Category: Wyoming

Take a walk through a winter wonderland at Yel…

Take a walk through a winter wonderland at Yellowstone National Park. While it looks a light coating of snow at Tangled Creek, the landscape is covered in hoar frost, which forms when water vapor freezes quickly creating delicate, feather-like crystals. Photo by Jacob W. Frank, National Park Service.

As evening falls over Grand Teton National Par…

As evening falls over Grand Teton National Park in Wyoming, the sunset sends light streaming over the silhouetted Teton Range. It’s one of the most beautiful sights you’ll ever see. Until sunrise lights up the mountains the next morning. Photo by Robert Warrington (www.sharetheexperience.org).

It might be fall, but now is a good time to start planning your…

It might be fall, but now is a good time to start planning your summer trip to Yellowstone National Park. Yellowstone hosts over 4 million visits a year and more than half of these happen June-August. Arrive early, stay late and if you walk half a mile from your car, you’ll leave the crowds behind (in most cases). And be sure to take the #YellowstonePledge to protect this park for current and future generations. Summer photo of Trout Lake by Jacob W. Frank, National Park Service.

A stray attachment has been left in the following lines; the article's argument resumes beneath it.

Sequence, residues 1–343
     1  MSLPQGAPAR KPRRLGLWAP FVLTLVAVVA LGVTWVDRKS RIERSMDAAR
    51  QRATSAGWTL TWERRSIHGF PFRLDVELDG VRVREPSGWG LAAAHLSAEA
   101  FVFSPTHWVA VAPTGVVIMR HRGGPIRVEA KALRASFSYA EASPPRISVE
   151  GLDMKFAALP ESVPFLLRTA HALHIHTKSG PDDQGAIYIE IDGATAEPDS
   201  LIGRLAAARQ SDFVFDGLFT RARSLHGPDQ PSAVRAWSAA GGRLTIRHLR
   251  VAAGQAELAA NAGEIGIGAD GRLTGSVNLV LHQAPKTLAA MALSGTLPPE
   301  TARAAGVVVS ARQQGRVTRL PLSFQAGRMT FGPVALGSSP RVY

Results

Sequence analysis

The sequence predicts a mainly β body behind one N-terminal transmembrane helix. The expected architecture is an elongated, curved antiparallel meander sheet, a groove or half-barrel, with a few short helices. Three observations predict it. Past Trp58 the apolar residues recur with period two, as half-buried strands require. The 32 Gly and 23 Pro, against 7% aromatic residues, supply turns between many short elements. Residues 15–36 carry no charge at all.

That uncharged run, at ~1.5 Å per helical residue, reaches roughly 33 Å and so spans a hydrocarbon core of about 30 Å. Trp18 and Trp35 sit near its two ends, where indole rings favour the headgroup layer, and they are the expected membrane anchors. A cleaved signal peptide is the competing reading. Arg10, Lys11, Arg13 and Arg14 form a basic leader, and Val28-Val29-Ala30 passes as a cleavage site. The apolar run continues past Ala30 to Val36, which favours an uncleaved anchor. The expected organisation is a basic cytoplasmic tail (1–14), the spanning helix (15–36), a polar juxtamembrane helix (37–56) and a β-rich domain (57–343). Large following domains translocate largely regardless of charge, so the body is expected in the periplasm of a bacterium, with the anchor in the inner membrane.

There’s no denying the unique attraction of Devils Tower…

There’s no denying the unique attraction of Devils Tower National Monument in Wyoming. Also known as “Bear Lodge” or “Bear’s Tipi,” the dramatic monolith is a sacred site to several Native American Tribes. Familiar to many in movies like “Close Encounters of the Third Kind,” it’s recognizable to people around the world. But according to photographer Lori Eckhart, “There’s nothing like standing there in front of it. Its size, and the way it stands out and alone from anything else, just demands respect and fills you with awe.” Photo courtesy of Lori Eckhart.

mypubliclands: Be part of the 2017 Total Solar Eclipse! On Aug….

mypubliclands:

Be part of the 2017 Total Solar Eclipse!

On Aug. 21, 2017, a rare phenomenon will hit North America. For the first time since 1918, a total solar eclipse will go coast-to-coast. Plenty of America’s iconic places fall within the path of totality, including BLM-managed lands in Oregon, Idaho and Wyoming